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I find https://www.schmiedmann.com/ the best. They are nearly always the cheapest, freight is reasonable, and delivery is fast.

 

Just make sure each order is under $400 nz including shipping or you will get stung with gst and customs charges, and it will take longer to get delivered.

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The $400 rule of thumb is not correct.. 

They can tax u on shipments as low as $200. 

Always take the tax into consideration.. there's a website whatsmyduty or something to calculate it.

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33 minutes ago, qube said:

The $400 rule of thumb is not correct.. 

They can tax u on shipments as low as $200. 

Always take the tax into consideration.. there's a website whatsmyduty or something to calculate it.

Theoretically you could be charged on any imported item. However, the normal situation is that you'll not be charged if the total sum of duties, taxes and fees does not exceed $60 - this is because below that figure, more would be spent on admin and collection than would be collected in revenue. This threshold is known as the ‘de minimis’, and is normally adhered to. 'Normally'... 

Some products are subject to GST at the time of import, meaning customs charges could be payable when the value of imported goods exceeds approximately NZ$225.

Bear in mind also that the applicable exchange rate is set by Customs & Excise and may not be the same as that set by international finance or a bank. If you're nudging a payment threshold, this can be important: at $60.01 you can be liable for the duties, and additional costs will apply, raising the payable amount to over $100.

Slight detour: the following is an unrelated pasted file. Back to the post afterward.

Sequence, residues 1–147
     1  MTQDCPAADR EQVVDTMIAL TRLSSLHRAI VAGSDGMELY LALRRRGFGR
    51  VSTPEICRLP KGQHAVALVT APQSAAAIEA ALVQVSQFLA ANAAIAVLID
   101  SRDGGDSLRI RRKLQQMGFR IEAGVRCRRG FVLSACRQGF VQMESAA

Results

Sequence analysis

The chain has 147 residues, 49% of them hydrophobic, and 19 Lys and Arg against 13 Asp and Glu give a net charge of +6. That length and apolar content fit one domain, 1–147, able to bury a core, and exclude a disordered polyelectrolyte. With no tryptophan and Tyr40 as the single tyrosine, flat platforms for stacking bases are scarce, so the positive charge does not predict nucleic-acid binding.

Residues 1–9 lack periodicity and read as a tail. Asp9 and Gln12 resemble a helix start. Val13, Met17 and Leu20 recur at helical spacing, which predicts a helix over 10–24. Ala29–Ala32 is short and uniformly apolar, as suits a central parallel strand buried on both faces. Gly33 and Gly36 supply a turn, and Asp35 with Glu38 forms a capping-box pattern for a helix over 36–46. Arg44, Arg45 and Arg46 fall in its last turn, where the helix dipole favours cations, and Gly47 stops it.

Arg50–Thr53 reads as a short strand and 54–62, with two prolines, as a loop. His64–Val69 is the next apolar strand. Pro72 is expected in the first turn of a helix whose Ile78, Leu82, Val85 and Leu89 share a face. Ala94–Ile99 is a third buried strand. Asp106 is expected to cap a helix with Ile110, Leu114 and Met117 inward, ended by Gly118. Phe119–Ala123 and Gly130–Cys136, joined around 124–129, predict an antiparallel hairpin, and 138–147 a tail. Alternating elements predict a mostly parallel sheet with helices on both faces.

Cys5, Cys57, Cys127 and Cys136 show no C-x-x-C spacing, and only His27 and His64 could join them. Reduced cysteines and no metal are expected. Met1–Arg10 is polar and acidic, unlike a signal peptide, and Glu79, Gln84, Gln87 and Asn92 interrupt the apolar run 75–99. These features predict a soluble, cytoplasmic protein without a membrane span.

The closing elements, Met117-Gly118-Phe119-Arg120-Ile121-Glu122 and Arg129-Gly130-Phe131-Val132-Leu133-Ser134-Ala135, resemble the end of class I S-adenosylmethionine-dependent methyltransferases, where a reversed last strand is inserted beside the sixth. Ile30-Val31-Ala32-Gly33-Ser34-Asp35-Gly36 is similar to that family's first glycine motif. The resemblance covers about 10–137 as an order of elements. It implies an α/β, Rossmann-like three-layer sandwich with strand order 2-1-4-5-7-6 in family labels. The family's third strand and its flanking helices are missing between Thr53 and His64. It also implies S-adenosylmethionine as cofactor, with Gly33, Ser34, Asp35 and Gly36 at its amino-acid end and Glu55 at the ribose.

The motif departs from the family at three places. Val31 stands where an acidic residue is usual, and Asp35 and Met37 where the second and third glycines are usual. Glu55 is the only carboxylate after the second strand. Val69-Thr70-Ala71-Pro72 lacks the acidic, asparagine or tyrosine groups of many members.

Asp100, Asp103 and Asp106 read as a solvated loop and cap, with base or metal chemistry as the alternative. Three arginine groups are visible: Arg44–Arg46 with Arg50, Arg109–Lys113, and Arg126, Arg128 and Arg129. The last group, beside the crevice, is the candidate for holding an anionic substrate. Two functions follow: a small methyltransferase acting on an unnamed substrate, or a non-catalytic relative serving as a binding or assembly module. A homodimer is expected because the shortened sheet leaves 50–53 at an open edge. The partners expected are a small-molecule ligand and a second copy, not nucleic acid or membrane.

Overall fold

Once duties and GST exceed $60, a Customs Import Entry Transaction Fee (IETF) of NZ$29.26 (GST inclusive), and a Ministry for Primary Industries biosecurity system entry levy of $19.98 (GST inclusive) become payable when an IETF is charged, making the total fees payable of $49.24 (GST inclusive). Yes - you pay GST on the levies.

C&E also watch for multiple packages coming through, so that's not always a way to avoid (tax evasion? Me, sir? A man in my position? ;) ) paying the duties.

The flipside is that you sometimes find a package of significantly greater value slips through somehow.

Over $1000 of imported goods you come up against another issue.
You need a client code which identifies identifies individual importers and exporters. To get one:

  • complete the Trade Single Window - Client Registration Application (NZCS 224) form
  • email or fax to Customs via the email or fax number provided on the Client code application form
  • include the correct proof of identity, for companies and charitable trusts – Certificate of Incorporation, for individuals – passport or driver's licence

It's a helluva faff. And it is your responsibility as the importer to take care of it ahead of the goods arriving in NZ.

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As you can see, easier to use a reputable independent BMW workshop (or even a dealership) and have supply the necessary parts!

for those of us who are either masochistic and do it ourselves, or have Scottish heritage, you'll find a handy guide on the customs website, or an online ready-reckoner at www.whatsmyduty.org.nz